When light passes through the dusty atmosphere it is like shooting the pingpong balls into a crowd of people. One ray of light will hit one particle of dust and bounce off in one direction while a second ray will hit another particle and go off in another direction. As the amount of dust increases the amount of scattering increases too. This part is really important, the smaller the light wave the greater the magnitude of the scattering. Firing ping pong balls into a crowd makes the ping pong balls go everywhere. Firing bowling balls into a crowd... well you get the idea.

The last important puzzle piece is the idea of white light. Doing the classic experiment with a prism one can see that white light is composed of all the colors traveling together, but it is just a little bit more subtle than that. Imagine you have a harp. You can pluck all of the strings together and make one loud and pretty sound. If you pluck all the strings, but pluck the ones in the middle the hardest you still end up with a similar sound, but as the sound fades you will hear the ones you plucked the hardest longer than then rest. White light is all of the colors together, and it still looks white even if there is more of one particular color.

Okay, now lets combine the pieces. White light comes towards earth from our sun. In the atmosphere there are bits of dust. The dust in our atmosphere is tiny, and scatters the smaller wavelenths (blue, indigo, violet) around. The larger wavelengths(red, orange, and yellow) pass straight through. The scattered light works it's way down to earth slowly from all directions, while the unscattered light seems to come straight at us from the sun. So when we look at the sky, we are seeing light from the sun that has been scattered by the atmosphere(the smaller wavelengths). When we look at the sun we see the light that came straight through(the larger wavelengths).

If this was all there is to it, then the sun would look red, and sky would be purple. The tricky thing is that the sun emits more green light than anything else. This means that there is more blue light, and yellow light coming towards us than red or purple light (red orange yellow green blue indigo violet). In the evenings when the sun is low on the horizon its light is travelling through more dust, so it looks more red, and the light coming at us from the sky looks more purple.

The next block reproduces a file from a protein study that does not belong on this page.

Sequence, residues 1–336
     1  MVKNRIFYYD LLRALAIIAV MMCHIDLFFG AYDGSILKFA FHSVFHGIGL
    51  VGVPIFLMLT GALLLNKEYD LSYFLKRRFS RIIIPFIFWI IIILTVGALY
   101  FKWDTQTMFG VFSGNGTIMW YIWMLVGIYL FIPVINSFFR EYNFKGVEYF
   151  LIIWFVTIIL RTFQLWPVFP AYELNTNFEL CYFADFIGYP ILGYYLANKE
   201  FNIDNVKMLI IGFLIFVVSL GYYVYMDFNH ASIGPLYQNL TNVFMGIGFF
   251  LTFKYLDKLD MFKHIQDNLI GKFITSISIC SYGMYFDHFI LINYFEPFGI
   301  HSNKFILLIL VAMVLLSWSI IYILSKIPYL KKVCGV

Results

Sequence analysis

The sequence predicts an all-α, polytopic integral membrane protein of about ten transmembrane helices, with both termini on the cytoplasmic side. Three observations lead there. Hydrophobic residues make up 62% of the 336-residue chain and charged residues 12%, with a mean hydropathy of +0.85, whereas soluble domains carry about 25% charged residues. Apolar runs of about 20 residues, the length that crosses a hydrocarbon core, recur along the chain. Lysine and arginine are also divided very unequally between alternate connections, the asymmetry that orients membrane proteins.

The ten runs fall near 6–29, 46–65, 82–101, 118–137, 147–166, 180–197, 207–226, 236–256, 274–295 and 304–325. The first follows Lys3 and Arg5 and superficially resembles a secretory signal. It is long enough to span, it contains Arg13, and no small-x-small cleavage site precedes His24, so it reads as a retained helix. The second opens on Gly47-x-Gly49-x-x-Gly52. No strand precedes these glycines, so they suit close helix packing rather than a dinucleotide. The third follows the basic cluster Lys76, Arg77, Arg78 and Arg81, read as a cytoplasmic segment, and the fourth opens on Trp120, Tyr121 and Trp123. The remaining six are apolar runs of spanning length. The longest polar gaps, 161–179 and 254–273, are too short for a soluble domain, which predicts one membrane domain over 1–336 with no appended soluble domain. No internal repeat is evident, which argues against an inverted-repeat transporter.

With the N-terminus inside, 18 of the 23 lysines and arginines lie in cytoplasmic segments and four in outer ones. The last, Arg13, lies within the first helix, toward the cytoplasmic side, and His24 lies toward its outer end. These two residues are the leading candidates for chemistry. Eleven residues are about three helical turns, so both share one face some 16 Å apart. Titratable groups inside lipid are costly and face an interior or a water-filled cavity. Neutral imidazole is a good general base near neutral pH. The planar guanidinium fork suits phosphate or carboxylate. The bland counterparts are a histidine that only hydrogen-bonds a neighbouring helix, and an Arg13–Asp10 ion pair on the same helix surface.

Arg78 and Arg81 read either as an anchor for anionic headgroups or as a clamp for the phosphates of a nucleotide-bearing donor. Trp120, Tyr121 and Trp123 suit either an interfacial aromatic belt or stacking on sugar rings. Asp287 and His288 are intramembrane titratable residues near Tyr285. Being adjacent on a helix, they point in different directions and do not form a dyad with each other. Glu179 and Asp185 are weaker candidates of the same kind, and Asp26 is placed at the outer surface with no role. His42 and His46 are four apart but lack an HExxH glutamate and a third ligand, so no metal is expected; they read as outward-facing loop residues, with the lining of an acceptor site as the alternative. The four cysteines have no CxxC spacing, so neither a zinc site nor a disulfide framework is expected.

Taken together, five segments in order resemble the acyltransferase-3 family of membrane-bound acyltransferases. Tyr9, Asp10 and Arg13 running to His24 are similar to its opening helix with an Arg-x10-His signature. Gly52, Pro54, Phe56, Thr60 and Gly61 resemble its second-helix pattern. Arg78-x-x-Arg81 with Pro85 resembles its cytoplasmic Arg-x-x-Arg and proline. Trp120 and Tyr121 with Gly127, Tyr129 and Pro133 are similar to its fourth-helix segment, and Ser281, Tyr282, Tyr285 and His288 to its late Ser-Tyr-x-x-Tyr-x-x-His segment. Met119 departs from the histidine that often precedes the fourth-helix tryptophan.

So, there you have it. That is why the sky is blue. I hope it makes sense. If it doesn't you are more than welcome to ask questions, and I will be happy to explain. You are more than welcome to use the short answer on your kids when they ask you this question. :)

3 comments:

Anonymous said...

Great explanation, the best I've heard so far!

So, my question to you then is, what does the sun look like if you were in space, without any filtering or scattering? Would it still appear pretty much yellow, or would you see a different hue (assuming you are looking at it with a non-colored (polarizing) filter so it wouldn't fry your retina)...? 

Posted by Rich

Anonymous said...

Thanks. To answer your question, outside of the atmosphere the sun would appear white, and if we could detect color in it, it would look green. 

Posted by Starfoxy

John said...

Have you ever heard the They Might be Giants song, "Why does the sun shine?"

The chorus goes:

The sun is a mass of incandescent gas--
A gigantic nuclear furnace
Where hydrogen is built into helium
At a temperature of millions of degrees.


It's one of our family favorites.

Post a Comment